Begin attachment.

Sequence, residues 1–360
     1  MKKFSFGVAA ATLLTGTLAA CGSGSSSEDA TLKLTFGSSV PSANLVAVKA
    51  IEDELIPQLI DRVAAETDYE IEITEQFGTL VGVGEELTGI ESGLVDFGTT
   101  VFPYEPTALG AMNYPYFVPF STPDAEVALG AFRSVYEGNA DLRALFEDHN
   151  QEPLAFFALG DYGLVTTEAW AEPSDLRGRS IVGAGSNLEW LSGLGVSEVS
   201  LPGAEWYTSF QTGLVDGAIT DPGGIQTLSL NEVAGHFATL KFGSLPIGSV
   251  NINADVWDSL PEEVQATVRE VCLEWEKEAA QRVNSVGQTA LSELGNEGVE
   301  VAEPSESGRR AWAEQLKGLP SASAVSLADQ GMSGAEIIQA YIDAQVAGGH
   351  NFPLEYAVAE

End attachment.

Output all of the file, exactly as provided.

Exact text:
Sequence, residues 1–360
     1  MKKFSFGVAA ATLLTGTLAA CGSGSSSEDA TLKLTFGSSV PSANLVAVKA
    51  IEDELIPQLI DRVAAETDYE IEITEQFGTL VGVGEELTGI ESGLVDFGTT
   101  VFPYEPTALG AMNYPYFVPF STPDAEVALG AFRSVYEGNA DLRALFEDHN
   151  QEPLAFFALG DYGLVTTEAW AEPSDLRGRS IVGAGSNLEW LSGLGVSEVS
   201  LPGAEWYTSF QTGLVDGAIT DPGGIQTLSL NEVAGHFATL KFGSLPIGSV
   251  NINADVWDSL PEEVQATVRE VCLEWEKEAA QRVNSVGQTA LSELGNEGVE
   301  VAEPSESGRR AWAEQLKGLP SASAVSLADQ GMSGAEIIQA YIDAQVAGGH
   351  NFPLEYAVAE